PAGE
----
About Ventura BEACH+TOWN
Ventura Beach+Town is a project of the City of Ventura with funding provided by the Southern California Association of Governments (SCAG) Compass Blueprint Program. Compass Blueprint assists Southern California cities and other organizations in evaluating planning options and stimulating development consistent with the region’s goals.
Plans and designs were created by a design team led by Ventura-based Roesling Nakamura Terada (RNT) Architects with Transportation Design Engineers Kimley-Horn and Associates, Land Economics Consultants Economic Planning Systems, Inc., and Landscape Architect Van Atta Associates.
The Ventura Beach+Town White Paper is a comprehensive report detailing the project concept, financing options, and next steps.
For more information or to provide comments, please contact Lilly Rudolph, AICP, at 805-654-7758 or email@example.com to be added to the interested parties list to receive occasional email updates.
A VISION TO RECONNECT THE HEART OF VENTURA TO THE OCEAN
For over 60 years the heart of the city of Ventura has been separated from is most notable natural resource, the ocean. This divide was created when the 101 freeway was introduced, leaving California and Figueroa Street as the only true connections from downtown to the beach. Luckily the freeway through this area was constructed at a much lower elevation than the existing grade. To this end a strategy for bridging the divide has been sought for years.
The idea of covering or ‘capping’ the freeway is only justifiable if there is something worth connecting to. Due to the lack of connection to the beach area for so many years, development has been limited to a one parking structure, one hotel and a sea of at grade parking lots adjacent to an un-activated waterfront promenade. To this end, the design team has studied the possibilities of extending the current city grid all the way to the beach, thus taking the ‘urban experience’ from the foothills to the shore and also capitalizing on opportunities to improve connections with the natural environment. With the potential relocation of the existing parking structure and removing cars that from parking lots with ocean views to new on-street parking, the development potential of the beach front could be dramatically increased. With a reconsideration of current beach-wall and stormwater drainage strategies, new development could create beach-friendly dune-based bioswales to soften the transition from building edge to natural beach and also naturally treat stormwater.
The existing network of on and off ramps within the downtown area was also studied in hopes of creating a simpler approach that provides for more pedestrian connections while introducing a more intuitive means of getting on and off the 101 freeway. Early in the design process the existing southbound fly-over onramp was deemed unnecessary and initial schemes suggested removal. However after further study and consideration of the cost and impact of removing it, the team looked at its adaptive reuse potential. The current study shows the onramp as an elevated linear park that connects downtown to the new parking structure and a new pier extension that extends back into the study area. This approach allows for direct pedestrian connections with dramatic panoramic views, while potentially reducing the project cost and quantity of material heading to the landfill.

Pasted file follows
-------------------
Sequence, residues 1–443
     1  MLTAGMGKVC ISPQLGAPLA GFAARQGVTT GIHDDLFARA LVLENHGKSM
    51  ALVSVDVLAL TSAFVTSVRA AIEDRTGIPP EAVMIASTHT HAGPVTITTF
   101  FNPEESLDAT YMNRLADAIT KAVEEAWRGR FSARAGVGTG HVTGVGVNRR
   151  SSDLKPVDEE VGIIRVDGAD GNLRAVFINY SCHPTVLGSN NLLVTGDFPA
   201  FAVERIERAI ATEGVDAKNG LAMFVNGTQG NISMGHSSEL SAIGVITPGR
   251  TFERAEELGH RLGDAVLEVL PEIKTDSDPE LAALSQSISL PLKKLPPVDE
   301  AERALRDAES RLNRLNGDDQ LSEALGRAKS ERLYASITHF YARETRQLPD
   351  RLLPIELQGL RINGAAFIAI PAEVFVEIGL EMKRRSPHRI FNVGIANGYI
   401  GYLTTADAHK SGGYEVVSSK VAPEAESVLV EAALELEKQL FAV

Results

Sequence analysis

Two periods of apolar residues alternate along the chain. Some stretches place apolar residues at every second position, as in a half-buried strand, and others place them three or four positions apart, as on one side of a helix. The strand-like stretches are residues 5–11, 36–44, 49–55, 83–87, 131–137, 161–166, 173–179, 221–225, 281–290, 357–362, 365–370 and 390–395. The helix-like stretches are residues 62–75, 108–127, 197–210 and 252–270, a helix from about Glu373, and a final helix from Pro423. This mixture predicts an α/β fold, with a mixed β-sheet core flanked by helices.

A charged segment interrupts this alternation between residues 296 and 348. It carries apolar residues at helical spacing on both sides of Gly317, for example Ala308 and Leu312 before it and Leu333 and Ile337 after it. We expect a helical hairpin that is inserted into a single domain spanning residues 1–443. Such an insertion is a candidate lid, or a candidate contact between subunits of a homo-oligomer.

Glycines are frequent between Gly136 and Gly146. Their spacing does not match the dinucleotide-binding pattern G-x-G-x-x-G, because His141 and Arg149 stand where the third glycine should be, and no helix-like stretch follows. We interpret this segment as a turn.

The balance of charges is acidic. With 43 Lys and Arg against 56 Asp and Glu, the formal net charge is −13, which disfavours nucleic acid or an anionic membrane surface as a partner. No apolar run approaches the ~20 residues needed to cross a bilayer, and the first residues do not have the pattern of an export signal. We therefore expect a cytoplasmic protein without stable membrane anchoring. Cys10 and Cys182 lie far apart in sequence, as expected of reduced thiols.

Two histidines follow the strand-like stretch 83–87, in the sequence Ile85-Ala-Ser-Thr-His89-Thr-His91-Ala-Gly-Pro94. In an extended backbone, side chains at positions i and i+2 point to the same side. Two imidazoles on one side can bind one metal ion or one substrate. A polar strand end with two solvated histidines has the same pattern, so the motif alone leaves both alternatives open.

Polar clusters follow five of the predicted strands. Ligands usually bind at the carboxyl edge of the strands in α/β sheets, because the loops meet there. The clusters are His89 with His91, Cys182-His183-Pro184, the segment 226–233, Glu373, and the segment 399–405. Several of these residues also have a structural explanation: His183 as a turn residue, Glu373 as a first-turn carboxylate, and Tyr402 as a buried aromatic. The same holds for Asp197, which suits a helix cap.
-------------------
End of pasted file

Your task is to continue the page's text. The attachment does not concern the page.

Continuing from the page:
DESTINATION BEACH TOWN:
With the introduction of a potential new parking structure located in the newly created block between California and Chestnut the design team turned their attention to creating a true destination within the study area. With the proximity of the rail line and the need for a major bus terminal within the core of the downtown area, a multi-modal transit hub was studied for the new city block between Chestnut and Fir Streets. This new transit center could serve local and regional trips as well as transform downtown Ventura into a true car-free vacation destination for tourists traveling by train or bus. The final block between Fir and Ash Street was also studied for its ability to serve the goal of destination generation. To support potential new hotel rooms and additional commercial space within the new waterfront area, a large scale event place has been studied. This facility could house such functions as conferences, banquet, small conventions as well as a 3,000 person capacity outdoor arena for a variety of performing arts. All these activities would benefit from the dramatic ocean views.
Fly over the Ventura BEACH+TOWN!
(3 min youtube video takes you on a tour of the reimagined beach+town)
3D Project Images
Click on each image to view larger size
BEACH+TOWN won the AIA Ventura County’s 2013 Honor Award in Unbuilt Project Category!
The BEACH+TOWN project has been featured in two CAPS-TV shows.
- Bill Fulton's Ventura - Ep 2 - Capping the 101 Freeway
- Conversations with Neal Andrews - Ep 104 - Capping the 101
Throughout the month of May 2012, the public has the opportunity to learn about how this catalytic project can change the face of Ventura’s downtown and beachfront. An exciting exhibit in the Ventura City Hall foyer includes a scaled 3-D model of the transformed area, as well as site plans and project renderings.
Freeway caps have been constructed throughout the US, and many more are being proposed in California right now. Below are links to similar projects.
Existing freeway caps
Seattle Freeway Park
Clearing the path for Seattle' s I-5 ditch, 1961, The Seattle Times, May 5, 2012
La Canada Flintridge
- Youtube video of park on cap above the 210
Proposed freeway cap projects